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February and Romance - The Claddagh Ring

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By Mary Maguire

Once January 1st turns, the store shelves become ablaze in a color of reds and pinks, enormous amounts of glitter, and shapes of hearts and cupids. Of course, we must not forget the chocolates, the very extravagant bouquets of flowers, and last but not least, the jewelry.

In Ireland, romance & jewelry has been truly alive and well for centuries. The CLADDAGH RING, for instance, has been around since the 17th century. The history of this ring alone provides a glimpse into the past life of courtship and love.

Claddagh Ring

The Claddagh ring has been, (and is sometimes still considered to be) the traditional wedding ring of the Irish since the 17th century. Today, the Royal Claddagh ring is worn by people all over the world as a universal symbol of love, loyalty, friendship and fidelity, and of course, Irish heritage.

Worn on the right hand, with crown and heart facing out, the ring tells that the wearer’s heart is yet to be won. After falling under love’s spell, however, it is worn with heart and crown facing inwards. When worn on the left hand (always with the crown and heart facing inwards), the ring signifies that love has been requited.

The Claddagh was first fashioned into the traditional ring back in the 17th Century during the reign of Mary II; it was originally a symbol of the “Fisher Kings” of the Galway town of Claddagh, Ireland. Legend has it that a young Irish man named Richard Joyce, who was bound for the West Indian slave plantations, was kidnapped in rough seas by a band of Mediterranean pirates, and subsequently sold to a Moorish Goldsmith. It was during the many long years of Joyce’s exile that the Goldsmith taught him the skills of a master craftsman, and where Joyce created the first gold Royal Claddagh ring. When King William III negotiated the return of the slaves in 1698, Joyce returned to Galway – despite, it said, the Moor’s offer of the daughter’s hand in marriage and a princely dowry of half of all his wealth.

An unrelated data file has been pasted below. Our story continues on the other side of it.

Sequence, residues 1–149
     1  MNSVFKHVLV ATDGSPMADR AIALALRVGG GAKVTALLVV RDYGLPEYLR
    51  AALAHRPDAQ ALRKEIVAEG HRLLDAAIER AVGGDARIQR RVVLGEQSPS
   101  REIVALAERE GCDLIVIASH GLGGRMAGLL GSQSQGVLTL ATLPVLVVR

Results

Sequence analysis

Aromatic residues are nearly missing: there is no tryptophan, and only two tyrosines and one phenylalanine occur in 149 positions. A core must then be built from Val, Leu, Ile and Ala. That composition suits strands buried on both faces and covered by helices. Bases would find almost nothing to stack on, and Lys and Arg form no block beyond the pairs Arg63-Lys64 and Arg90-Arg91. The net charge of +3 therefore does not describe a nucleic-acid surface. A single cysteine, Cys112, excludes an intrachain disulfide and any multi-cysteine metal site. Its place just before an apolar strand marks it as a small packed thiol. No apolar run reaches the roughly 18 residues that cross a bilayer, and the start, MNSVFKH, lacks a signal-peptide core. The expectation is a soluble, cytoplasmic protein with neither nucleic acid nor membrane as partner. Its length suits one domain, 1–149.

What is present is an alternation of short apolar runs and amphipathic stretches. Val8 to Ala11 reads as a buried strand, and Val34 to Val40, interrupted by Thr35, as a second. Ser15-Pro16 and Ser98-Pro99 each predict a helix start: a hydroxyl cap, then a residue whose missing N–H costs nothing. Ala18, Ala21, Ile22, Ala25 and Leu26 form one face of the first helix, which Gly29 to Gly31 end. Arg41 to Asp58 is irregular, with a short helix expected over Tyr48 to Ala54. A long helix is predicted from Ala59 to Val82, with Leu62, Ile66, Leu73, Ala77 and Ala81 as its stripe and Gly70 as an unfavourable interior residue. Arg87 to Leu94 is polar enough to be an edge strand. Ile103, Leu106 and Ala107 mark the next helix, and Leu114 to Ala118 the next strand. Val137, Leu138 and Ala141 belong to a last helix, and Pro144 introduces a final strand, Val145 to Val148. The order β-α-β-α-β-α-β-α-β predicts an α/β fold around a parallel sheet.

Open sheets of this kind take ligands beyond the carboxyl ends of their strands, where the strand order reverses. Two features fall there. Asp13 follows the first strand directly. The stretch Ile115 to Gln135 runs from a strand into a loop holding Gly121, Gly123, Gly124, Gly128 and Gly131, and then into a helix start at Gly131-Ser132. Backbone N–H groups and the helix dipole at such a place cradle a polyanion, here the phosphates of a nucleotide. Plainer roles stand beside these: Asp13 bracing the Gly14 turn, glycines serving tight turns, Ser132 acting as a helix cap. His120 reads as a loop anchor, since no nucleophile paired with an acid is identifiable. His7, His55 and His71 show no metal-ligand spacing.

Meanwhile, back in Ireland, a young woman had never stopped the faithful waiting for her true love to return. Upon his return he presented her with the now famous Royal Claddagh gold ring – a symbol of their enduring love. They soon married, never to be separated again.

With this crown – I give my loyalty
With these hands – I offer my friendship
With this heart – I give you mine
In love, in friendship, let us reign

Traditionally handed down from mother to daughter, the Royal Claddagh ring has also become a symbol of our ties with the past and generations gone by. As Irish people, we remember the many people who had to leave Ireland with nothing during the Great Famine of the 19th Century – many leaving Cork Harbor to make the long voyage across the Atlantic to America. For many, the gold Claddagh ring was to become the only enduring link with their home country, and their only family inheritance.